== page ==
There’s an old proverb that says “If you take one step towards God, God will take two steps towards you.”
Whether it’s physical fitness you’re trying to achieve, saving money for your next family vacation, or improving your swing in baseball, the truth is that when you put in work, you will reap benefits.
“Coachability” is really the key to success at JCC Maccabi Sports Camp. We place great emphasis on effort, fully applying oneself, and an interest in being coached to succeed. Our main role is to help athletes advance their game, offer guidance on becoming a better teammate, and motivate every child to reach their full potential on and off the field.
If something feels impossible today, it is important for our campers to realize that it won’t always feel that way. We encourage our kids to take small steps in the right direction now that will help them advance in the future.
The process of self-improvement is reciprocal and exponential. The more we as humans cultivate our own potential, the easier it becomes to keep progressing along our path. What will you work on today that will help you tomorrow?
What leads to a happy life? If you think it’s fame and fortune, you’re not alone – but, according to psychiatrist Robert Waldinger, it’s not true. In this TEDx talk, he shares the results of a 75-year long study on happiness and the important lessons uncovered by the results.
It’s astounding to hear the parallels he draws between the fundamental values of JCC Maccabi Sports Camp and his study spanning generations.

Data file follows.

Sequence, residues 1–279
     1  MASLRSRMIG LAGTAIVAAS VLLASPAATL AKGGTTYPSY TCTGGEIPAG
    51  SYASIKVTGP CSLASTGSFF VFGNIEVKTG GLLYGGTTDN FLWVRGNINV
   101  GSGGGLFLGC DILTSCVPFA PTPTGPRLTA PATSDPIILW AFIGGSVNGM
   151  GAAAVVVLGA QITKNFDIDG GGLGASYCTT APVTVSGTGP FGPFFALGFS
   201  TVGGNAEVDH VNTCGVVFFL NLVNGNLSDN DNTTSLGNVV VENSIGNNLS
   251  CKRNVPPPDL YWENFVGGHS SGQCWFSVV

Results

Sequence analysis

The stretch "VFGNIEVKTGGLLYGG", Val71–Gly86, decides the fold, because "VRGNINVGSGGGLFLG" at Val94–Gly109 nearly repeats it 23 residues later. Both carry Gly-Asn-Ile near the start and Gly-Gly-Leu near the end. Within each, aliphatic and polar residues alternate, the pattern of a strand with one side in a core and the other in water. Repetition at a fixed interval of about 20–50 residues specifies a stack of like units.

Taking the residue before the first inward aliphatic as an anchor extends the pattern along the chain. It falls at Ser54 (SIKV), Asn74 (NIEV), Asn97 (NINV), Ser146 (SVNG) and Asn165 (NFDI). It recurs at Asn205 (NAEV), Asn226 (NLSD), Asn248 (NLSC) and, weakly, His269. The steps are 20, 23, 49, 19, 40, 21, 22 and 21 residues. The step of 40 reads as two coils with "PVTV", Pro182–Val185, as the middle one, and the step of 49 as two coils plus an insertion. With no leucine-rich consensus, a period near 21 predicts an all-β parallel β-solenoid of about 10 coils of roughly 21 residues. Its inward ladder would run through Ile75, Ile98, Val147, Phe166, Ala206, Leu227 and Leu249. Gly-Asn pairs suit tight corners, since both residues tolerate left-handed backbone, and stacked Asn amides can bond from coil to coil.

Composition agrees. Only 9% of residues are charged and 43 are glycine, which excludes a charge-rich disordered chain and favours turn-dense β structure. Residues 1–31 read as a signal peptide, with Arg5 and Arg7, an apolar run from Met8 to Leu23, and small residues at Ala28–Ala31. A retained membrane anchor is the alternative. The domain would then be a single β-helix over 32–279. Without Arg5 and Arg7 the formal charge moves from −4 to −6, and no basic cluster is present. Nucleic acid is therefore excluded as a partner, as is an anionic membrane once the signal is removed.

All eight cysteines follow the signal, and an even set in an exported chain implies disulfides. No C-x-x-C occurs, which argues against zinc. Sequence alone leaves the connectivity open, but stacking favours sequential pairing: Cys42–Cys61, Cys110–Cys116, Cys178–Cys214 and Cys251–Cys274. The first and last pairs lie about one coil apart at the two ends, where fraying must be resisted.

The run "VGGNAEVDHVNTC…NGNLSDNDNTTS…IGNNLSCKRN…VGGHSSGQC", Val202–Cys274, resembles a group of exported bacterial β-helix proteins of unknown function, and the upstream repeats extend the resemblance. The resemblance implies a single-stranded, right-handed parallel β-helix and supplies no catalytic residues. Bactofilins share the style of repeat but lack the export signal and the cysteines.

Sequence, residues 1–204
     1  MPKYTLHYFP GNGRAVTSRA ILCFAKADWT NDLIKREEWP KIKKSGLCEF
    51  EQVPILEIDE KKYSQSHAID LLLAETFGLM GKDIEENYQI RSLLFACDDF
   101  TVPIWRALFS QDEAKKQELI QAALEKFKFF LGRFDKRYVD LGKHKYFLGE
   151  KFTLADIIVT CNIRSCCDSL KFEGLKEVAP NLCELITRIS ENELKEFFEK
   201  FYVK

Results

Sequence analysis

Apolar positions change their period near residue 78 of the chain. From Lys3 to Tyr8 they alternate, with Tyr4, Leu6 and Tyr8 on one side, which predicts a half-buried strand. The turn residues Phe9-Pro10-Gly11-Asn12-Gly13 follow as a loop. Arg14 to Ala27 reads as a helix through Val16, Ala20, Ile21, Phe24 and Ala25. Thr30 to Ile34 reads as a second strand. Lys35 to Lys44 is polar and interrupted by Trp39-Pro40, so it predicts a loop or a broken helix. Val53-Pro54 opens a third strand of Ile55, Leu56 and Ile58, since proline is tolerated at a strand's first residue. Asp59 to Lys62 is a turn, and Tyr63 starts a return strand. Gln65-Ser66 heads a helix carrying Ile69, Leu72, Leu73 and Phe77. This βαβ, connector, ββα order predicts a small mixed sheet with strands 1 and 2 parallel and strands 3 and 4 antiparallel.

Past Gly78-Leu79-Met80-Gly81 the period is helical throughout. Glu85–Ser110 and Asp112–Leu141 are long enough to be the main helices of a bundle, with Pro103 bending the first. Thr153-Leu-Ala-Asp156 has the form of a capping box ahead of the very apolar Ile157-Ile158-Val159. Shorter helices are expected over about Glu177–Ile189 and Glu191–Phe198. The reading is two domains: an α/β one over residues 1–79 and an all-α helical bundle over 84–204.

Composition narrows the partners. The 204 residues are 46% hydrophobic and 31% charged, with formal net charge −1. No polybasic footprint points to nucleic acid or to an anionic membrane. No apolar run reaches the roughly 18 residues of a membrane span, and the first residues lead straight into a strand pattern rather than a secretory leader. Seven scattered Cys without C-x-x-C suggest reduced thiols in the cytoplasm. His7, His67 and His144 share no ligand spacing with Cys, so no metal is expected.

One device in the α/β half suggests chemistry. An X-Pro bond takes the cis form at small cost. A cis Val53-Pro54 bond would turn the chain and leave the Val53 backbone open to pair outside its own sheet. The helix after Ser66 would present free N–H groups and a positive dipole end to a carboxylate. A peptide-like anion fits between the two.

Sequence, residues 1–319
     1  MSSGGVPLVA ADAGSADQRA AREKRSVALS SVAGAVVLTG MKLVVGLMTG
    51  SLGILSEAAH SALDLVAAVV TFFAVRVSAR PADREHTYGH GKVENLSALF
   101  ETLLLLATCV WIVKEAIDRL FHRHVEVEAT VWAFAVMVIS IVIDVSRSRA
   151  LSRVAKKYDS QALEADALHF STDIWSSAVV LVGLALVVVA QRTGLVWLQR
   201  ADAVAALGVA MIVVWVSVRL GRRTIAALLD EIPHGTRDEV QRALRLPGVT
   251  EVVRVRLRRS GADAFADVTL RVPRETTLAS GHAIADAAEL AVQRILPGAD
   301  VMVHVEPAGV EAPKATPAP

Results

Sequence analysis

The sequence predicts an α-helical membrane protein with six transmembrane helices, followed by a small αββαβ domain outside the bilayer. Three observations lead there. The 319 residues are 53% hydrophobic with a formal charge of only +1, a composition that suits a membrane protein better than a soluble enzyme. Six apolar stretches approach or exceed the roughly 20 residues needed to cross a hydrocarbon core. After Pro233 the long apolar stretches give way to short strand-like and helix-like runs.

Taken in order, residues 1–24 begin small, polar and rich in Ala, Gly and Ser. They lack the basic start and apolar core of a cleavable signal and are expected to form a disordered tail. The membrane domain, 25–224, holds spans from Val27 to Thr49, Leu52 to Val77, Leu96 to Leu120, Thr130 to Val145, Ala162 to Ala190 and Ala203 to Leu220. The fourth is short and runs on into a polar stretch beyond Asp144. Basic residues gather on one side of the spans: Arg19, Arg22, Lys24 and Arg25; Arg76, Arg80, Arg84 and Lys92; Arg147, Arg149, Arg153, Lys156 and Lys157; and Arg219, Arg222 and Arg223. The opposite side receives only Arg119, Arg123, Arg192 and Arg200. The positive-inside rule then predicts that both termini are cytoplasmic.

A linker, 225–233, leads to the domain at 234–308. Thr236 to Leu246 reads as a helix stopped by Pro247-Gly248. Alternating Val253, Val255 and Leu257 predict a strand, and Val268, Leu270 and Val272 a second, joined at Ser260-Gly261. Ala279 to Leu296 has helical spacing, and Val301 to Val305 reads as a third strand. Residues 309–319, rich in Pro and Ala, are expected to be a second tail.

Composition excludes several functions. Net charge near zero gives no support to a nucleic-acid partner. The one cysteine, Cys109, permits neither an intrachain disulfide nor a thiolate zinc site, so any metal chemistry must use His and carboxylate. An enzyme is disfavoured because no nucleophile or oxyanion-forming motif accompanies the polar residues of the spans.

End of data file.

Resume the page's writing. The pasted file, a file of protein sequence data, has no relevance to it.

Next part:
The key to a life filled with happiness boils down to one thing: relationships. That is why we strive to build a strong sense of Jewish community here at JCC Maccabi Sports Camp. Both on and off the field, we foster a supportive environment where our campers can build positive relationships away from the year-round stress, struggles and chaos of life.
Judaism is a communal experience and as a camp community, we share a bond like no other. No matter how big or small our Jewish community is here at camp, the positive relationships and social connections keep us all happier and healthier.
Quite possibly the most enjoyable and most anticipated event of the summer is Maccabi Cup, our camp color war.
During Session 2 this past summer our Maccabi Cup theme was “Everything is Possible”. The Green Dreamers and Blue Imagination faced off in an epic showdown of athletic and creative competitions, all with the hopes of being dubbed the Maccabi Cup Champions.
After two exhausting days of competition and camaraderie, the Blue team was well on their way to being champions. However, much to everyone’s surprise, the Green team took home the trophy after winning the song and cheer battle with a heart-wrenching song.
With the World Series fresh on our minds, it important to recognize how symbolic the championship game was.
After nearly a century of loss, frustration and heartache, Chicago Cubs fans were finally able to rejoice. Winning their first title since 1908, the Cubs became the 2016 Major League Baseball World Series Champions.
This year’s championship proved just how poetic sports are. Baseball, like life, is unpredictable and the unbelievable can become believable when you don’t give up.
As we continue into the Jewish New Year, remember that every single day can bring us something entirely unexpected. May we all discover our own paths to being champions of our lives and exploring what is truly possible.
“If you will it, it is no dream.” –Theodor Herzl
A message from our Board Chair, Rick Gordon:
Josh Steinharter Honored with “Golden Bagel” Award
The Jewish Sports Hall of Fame of Northern California will be awarding camp director Josh Steinharter with the Golden Bagel Award this Sunday, November 15, 2015. The Golden Bagel is an honor bestowed upon individuals who have made a significant impact in sports and the Jewish community in Northern California.